by Julian Borger
The number of potential nuclear weapons states could more than double in a
few years unless the major powers take radical steps towards disarmament,
the head of the UN's nuclear watchdog has warned. . . .
ElBaradei, the outgoing director general of the International Atomic Energy
Agency (IAEA), said the current international regime limiting the spread of
nuclear weapons was in danger of falling apart under its own inequity. "Any
regime . . . has to have a sense of fairness and equity and it is not there," he
said in an interview at his offices in Vienna. . . .
"We still live in a world where if you have nuclear weapons, you are buying
power, you are buying insurance against attack. That is not lost on those
who do not have nuclear weapons, particularly in [conflict] regions."
He predicted that the next wave of proliferation would involve "virtual
nuclear weapons states", who can produce plutonium or highly enriched
uranium and possess the knowhow to make warheads, but who stop just short of
assembling a weapon. They would therefore remain technically compliant with
the NPT while being within a couple of months of deploying and using a
"This is the phenomenon we see now and what people worry about in Iran. And
this phenomenon goes much beyond Iran. Pretty soon . . . you will have nine
weapons states and probably another 10 or 20 virtual weapons states." . . .
He argued that the only way back from the nuclear abyss was for the
established nuclear powers to fulfil their NPT obligations and disarm as
rapidly as possible. He said it was essential to generate momentum in that
direction before the NPT comes up for review next April in New York.
"There's a lot of work to be done but there are a lot of things we can do
right away," ElBaradei said. "Slash the 27,000 warheads we have, 95% of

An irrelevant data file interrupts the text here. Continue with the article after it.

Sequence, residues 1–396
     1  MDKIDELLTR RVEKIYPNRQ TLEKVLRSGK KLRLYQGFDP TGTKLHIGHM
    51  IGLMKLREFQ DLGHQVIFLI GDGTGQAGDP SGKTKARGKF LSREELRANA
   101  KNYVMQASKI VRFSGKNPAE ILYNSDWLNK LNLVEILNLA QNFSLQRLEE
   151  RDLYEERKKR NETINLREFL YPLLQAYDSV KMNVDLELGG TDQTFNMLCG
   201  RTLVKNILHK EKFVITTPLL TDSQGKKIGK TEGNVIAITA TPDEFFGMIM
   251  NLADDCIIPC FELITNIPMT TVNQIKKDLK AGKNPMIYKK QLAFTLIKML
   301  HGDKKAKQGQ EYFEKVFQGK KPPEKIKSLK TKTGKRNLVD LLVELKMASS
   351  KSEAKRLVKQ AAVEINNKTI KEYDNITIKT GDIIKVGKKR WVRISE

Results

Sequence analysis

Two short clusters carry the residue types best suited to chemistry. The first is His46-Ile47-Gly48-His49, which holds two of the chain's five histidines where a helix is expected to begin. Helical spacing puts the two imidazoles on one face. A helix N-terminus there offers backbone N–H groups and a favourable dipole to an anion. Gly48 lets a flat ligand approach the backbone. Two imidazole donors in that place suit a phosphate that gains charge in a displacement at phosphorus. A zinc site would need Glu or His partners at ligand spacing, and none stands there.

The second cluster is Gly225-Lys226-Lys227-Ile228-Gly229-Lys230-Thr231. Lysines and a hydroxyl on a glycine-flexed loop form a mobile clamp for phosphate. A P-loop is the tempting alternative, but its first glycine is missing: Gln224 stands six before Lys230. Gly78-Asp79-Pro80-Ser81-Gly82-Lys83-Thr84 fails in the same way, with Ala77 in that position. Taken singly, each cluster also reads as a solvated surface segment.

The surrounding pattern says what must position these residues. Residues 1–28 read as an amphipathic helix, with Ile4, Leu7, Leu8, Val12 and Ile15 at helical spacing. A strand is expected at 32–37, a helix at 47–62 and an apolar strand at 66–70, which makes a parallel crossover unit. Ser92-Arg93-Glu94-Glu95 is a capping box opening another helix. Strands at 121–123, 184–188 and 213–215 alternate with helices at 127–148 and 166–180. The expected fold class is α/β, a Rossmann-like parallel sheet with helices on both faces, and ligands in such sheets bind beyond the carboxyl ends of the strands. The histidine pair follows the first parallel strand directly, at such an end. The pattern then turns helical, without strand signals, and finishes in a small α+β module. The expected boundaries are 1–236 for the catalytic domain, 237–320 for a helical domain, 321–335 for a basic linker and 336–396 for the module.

which are in Russia and the US. You can easily slash [the arsenals] to 1,000
each, or even 500." . . .
ElBaradei won global fame - and the Nobel peace prize for himself and his
agency - by standing up to the Bush and Blair governments over claims of
Iraqi weapons of mass destruction. His relationships with the Obama
administration, and to some extent the Brown government, are better, since
both have embraced banning nuclear weapons. Obama has started talks with
Moscow on mutual cuts in arsenals.
Jimmy Carter, "Saving
Nonproliferation 'The United States is the major culprit in this erosion of
the NPT'," Washington Post, March 28, 2005
Enver Masud, "Iran Has an 'Inalienable
Right' to Nuclear Energy," The Wisdom Fund, January 16, 2006
"US-Iran: A New Age of Diplomacy?,"
The Wisdom Fund, April 1, 2006
['Tolerating North Korea's nuclear status would be equivalent to setting a precedent for
other NPT signatories to violate the treaty."
The problem with this argument is that from the point of view of many non-nuclear
countries, the United States itself, along with other nuclear club countries
(particularly Russia), has been in continuing violation of the original nuclear
non-proliferation treaty, as drafted in 1968.--Matt Taibbi, "North Korea Isn't the Only Rogue Nuclear State,"
reuters.com, July 6, 2017]
two-thirds of U.N. states agree treaty to ban nuclear weapons," reuters.com,
July 7, 2017